It’s often said that successful private bankers need white hair. Only then, the argument runs, can they meet HNWs as equals.
IT’S OFTEN SAID that successful private bankers need white hair. Only then, the argument runs, can they meet HNWs as equals.
While I agree that experience is important – especially in a world where many bankers are so young that they’ve never run money through a recession – it should not be the defining factor.
On the whole, under 35s have a greater appetite for training than their elders and are much less inclined to settle for threshold qualifications, preferring instead to push on to the Chartered Institute of Securities & Investment’s premier qualifications: the Master’s, Diploma and PCIAM.
Yet despite their willingness and aptitude, many struggle to build books of over £50 million. That puts them in the firing line as their employers judge their performance in order of increasing assets under management, meeting revenue targets, attracting new clients and satisfying current clients.
It is thus excellent news for HNWs and the next generation of advisors that two networking forums have sprung up to break the cycle. Between them, they offer different but complementary opportunities to relax and refer business, meaning that the choice and quality of advice will improve going forward.
The largest, at 600 members, is the Young Professionals Forum. Run by Will Walker-Arnott and Philip Norman-Butler at Charles Stanley, its quarterly drinks are everywhere from the Royal Ballet School to the Old Bailey to Boodles.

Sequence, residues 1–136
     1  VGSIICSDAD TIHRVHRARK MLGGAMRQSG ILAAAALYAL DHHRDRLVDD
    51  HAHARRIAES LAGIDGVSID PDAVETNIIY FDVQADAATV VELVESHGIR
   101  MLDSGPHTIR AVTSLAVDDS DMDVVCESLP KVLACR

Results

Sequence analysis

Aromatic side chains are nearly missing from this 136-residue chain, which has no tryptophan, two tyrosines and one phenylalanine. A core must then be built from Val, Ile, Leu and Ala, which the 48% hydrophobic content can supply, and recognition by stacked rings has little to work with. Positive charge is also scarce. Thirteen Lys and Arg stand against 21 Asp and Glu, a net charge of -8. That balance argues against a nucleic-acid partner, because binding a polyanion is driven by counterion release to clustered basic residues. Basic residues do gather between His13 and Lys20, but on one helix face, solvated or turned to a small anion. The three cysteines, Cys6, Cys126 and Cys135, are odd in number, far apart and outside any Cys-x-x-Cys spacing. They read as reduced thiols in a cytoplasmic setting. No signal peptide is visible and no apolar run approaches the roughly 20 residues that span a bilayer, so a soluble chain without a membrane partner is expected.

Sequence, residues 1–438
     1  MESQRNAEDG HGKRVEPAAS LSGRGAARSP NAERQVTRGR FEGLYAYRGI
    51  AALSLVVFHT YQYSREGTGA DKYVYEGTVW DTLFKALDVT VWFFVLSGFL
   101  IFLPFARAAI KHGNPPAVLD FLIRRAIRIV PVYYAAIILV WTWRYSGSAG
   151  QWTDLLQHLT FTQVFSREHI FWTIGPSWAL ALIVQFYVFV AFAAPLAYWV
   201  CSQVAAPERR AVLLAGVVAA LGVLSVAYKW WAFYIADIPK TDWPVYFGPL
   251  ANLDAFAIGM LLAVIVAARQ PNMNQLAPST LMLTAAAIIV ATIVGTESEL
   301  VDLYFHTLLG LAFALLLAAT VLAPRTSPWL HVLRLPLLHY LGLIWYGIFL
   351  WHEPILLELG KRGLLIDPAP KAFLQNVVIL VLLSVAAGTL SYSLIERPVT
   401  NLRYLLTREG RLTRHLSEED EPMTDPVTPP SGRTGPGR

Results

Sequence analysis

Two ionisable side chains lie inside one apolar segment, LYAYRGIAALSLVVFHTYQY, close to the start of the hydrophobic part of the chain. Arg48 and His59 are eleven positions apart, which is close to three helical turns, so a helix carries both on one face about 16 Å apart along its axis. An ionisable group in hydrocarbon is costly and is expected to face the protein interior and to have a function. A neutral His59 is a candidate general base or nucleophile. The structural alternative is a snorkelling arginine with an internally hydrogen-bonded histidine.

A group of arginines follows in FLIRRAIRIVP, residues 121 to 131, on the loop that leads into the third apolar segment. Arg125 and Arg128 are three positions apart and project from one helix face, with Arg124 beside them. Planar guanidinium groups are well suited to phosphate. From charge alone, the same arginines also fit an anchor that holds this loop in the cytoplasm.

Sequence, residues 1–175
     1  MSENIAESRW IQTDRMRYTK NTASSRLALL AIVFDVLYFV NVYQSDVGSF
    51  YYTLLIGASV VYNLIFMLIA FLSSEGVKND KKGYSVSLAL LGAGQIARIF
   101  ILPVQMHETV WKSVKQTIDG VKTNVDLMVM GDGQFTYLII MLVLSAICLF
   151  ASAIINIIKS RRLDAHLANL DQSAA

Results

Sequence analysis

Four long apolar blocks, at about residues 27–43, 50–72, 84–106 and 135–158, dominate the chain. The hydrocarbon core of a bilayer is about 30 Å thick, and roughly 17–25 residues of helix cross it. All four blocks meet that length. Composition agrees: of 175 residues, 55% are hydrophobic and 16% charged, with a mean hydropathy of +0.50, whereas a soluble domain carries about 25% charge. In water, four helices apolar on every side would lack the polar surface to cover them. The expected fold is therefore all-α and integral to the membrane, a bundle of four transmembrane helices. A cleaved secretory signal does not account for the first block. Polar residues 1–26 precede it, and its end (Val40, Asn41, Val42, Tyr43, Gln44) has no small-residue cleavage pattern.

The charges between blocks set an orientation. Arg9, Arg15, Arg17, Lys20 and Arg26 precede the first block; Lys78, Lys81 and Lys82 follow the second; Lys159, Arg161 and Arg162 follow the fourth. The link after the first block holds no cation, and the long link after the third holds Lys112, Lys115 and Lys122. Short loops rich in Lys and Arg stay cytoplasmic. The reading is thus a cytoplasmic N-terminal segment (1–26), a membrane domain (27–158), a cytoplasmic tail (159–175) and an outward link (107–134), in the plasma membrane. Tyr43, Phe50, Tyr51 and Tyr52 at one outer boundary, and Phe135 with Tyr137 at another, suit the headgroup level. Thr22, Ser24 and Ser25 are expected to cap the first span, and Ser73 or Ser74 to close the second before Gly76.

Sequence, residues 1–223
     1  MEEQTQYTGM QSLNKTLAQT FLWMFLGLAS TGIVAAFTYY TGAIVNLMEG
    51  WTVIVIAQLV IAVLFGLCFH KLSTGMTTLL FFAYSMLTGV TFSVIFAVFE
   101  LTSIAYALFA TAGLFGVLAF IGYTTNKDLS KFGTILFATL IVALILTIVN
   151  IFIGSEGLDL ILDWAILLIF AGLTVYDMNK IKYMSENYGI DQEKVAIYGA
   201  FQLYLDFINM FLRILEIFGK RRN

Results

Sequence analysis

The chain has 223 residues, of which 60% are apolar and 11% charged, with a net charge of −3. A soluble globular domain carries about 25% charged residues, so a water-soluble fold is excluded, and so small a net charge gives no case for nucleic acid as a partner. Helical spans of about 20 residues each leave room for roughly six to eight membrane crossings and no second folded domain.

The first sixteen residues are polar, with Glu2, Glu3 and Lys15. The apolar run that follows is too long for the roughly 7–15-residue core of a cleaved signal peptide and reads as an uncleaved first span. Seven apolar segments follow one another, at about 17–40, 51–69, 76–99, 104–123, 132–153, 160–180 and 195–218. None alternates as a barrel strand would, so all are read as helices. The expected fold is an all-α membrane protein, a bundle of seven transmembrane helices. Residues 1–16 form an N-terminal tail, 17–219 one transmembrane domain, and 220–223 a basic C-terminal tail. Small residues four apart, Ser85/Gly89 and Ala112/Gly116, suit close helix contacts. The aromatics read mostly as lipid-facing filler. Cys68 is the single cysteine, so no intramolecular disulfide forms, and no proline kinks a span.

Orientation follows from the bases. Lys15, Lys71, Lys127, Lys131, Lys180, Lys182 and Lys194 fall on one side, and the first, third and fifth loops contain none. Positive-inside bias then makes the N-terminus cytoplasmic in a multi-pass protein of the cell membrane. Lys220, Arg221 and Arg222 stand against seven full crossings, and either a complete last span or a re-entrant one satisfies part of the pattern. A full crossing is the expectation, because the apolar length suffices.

The lure is that it’s free and not just limited to city professions, being open to the art, music and theatre worlds too.
Yet despite successes which include 250 people attending a Bonhams photography exhibition last May, there are drawbacks. Branded the Young Professionals Forum, it might, for example, deter those who have made head of department before the age of 35. Equally, as older advisors are better positioned to refer business, the cut-off age of 35 may mean one is networking with people who don’t have many clients to pass on.
As such, David Bell’s Private Client Dining Club offers an interesting alternative. Through dinners of 50 at central London locations from the Ivy to El Cantara, its members not only get more one-on-one time, but also because the entry criteria is based on experience not age, they mature and rise through the private client system together.
‘The dining club allows professional advisors to form more meaningful relationships,’ says Bell, a senior wealth planner at Lombard Odier. ‘Firms are happy to pay the £150-per-annum membership fee because the quality of connections created is high.’
Irrespective of one’s preference, it’s of great value to the private client community that these forums have sprung up. Hats off to their founders, and here’s to a brighter future for all.